Our cash prizes this month are generously sponsored by High Mountain Institute! Ambitious, motivated students attend the High Mountain Institute to connect with nature, develop as leaders and critical thinkers, and discover learning at its best. Students spend time living on campus and in the backcountry of Colorado and Utah. When nature and minds meet, extraordinary academic and personal achievement follows. Learn more about them here

We welcome marketing support from River of Words®! River of Words (ROW) is a program of The Center for Environmental Literacy and a part of the Saint Mary's College of California Kalmanovitz School of Education. Acknowledged pioneers in the field of place-based education, River of Words has been inspiring educators and students for over twenty five years with an innovative blend of science and the arts.

To learn more about how to submit your environmental writing (or Write the World competition entry!) to the River of Words competition, please visit the ROW website here.


What’s Different about Write the World Competitions? 
  • Prizes: The winning entrant will receive $100, and the runner-up and best peer-reviewer will receive $50.       
  • Professional Recognition: The winning entry, plus the runner-up and best peer review, will be featured on our blog, with commentary from our guest judge.       
  • Expert Review: Submit your draft by Monday, October 11, and get feedback from our team of experts—authors, writing teachers, and educational professionals.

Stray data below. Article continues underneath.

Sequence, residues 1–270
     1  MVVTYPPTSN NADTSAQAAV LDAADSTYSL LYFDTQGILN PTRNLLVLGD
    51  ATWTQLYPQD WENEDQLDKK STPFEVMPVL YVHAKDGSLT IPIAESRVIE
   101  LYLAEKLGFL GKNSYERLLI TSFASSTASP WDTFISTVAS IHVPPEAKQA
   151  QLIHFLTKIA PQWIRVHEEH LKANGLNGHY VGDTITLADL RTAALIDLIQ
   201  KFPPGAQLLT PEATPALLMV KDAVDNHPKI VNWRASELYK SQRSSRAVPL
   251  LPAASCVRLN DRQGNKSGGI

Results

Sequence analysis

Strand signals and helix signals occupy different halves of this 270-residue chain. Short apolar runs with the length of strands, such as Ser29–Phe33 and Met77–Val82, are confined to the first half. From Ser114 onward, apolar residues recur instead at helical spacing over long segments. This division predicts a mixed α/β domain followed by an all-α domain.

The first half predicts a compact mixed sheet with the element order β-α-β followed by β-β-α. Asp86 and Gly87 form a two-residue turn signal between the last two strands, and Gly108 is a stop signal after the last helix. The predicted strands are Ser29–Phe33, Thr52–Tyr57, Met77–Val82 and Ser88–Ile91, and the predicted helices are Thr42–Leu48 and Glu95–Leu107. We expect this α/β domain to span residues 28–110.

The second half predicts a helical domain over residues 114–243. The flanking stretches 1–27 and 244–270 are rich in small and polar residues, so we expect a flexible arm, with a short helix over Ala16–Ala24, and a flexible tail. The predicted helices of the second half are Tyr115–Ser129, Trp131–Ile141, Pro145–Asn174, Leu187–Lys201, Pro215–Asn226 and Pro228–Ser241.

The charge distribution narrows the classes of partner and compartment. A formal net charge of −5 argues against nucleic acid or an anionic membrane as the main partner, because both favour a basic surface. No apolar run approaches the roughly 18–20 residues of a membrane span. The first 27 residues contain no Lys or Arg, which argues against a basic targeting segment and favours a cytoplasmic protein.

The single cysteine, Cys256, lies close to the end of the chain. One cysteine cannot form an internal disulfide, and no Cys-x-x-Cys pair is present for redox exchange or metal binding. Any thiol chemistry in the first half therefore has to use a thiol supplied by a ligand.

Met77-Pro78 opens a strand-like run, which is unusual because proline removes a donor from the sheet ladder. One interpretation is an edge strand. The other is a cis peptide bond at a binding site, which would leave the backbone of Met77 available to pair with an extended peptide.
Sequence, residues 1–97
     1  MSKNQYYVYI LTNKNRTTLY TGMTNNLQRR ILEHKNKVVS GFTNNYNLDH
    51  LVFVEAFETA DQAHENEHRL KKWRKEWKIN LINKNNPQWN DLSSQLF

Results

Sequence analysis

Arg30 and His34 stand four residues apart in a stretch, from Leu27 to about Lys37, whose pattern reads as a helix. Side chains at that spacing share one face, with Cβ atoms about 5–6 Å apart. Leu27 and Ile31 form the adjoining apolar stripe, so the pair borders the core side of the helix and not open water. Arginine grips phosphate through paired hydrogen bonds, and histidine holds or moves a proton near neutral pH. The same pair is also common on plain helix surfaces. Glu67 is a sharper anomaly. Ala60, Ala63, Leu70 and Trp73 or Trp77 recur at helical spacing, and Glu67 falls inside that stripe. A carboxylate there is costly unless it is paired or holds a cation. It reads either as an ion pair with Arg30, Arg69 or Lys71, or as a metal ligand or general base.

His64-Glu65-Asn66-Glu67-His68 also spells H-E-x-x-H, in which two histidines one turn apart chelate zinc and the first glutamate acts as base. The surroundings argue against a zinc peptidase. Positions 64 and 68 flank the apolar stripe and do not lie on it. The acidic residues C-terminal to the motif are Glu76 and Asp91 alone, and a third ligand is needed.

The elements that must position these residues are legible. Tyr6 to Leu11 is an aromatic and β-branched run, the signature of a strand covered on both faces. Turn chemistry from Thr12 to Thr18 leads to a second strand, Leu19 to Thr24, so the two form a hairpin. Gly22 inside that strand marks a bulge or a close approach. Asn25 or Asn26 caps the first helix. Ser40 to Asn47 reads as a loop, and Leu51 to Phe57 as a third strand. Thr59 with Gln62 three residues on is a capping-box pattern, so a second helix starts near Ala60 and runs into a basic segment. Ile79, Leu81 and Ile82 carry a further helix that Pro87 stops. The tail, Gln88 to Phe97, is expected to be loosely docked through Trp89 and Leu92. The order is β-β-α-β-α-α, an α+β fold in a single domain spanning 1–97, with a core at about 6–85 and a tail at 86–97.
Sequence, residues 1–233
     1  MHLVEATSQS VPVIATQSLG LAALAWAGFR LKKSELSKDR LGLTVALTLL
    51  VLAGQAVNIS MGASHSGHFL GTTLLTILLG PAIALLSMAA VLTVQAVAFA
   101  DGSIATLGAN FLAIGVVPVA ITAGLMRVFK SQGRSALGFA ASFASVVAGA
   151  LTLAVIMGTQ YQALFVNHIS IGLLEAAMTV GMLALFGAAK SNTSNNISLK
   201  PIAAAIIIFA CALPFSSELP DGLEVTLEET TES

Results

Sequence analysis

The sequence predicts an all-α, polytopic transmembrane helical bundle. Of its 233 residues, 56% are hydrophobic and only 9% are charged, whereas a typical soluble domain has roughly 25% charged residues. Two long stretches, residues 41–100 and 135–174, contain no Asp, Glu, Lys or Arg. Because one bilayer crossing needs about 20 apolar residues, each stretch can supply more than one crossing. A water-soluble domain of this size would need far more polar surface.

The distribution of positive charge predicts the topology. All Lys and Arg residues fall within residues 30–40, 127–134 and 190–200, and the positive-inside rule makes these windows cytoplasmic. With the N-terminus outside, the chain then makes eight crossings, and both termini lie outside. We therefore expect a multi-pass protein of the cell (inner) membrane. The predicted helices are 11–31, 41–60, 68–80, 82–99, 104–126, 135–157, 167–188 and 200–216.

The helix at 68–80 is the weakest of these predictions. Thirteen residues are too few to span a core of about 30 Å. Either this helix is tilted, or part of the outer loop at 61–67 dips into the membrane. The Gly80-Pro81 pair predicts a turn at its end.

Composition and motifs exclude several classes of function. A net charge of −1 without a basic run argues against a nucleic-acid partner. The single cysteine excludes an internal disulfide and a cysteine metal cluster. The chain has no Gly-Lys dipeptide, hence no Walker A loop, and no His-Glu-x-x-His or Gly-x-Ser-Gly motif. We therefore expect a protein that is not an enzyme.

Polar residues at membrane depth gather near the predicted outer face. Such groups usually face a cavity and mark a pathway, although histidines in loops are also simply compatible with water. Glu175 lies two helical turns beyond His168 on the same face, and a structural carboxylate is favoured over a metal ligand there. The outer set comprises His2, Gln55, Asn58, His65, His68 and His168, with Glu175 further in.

Key Dates 
  • October 4: Competition Opens  
  • October 11: Submit draft for Expert Review (Optional. We will review the first 100 drafts submitted.)      
  • October 15: Reviews returned to Writers  
  • October 19: Final Submissions Due
  • October 29: Winners Announced  
WtW Workshops!
Like this competition and looking to take your poetry to the next level? Register for our environmental poetry workshop Use Your Voice: Writing Poetry for the Environment!

Upcoming Competition
Our Novel Writing Competition opens Monday, November 1st.
Stay tuned for more details!  

Is previously published work eligible?
Our monthly competitions are designed to get you writing across a range of genres throughout the year, so we encourage you to  write a new work for each  competition, but we will also accept work that has been previously shared with a small, local audience (for instance, a piece that was published in a school journal).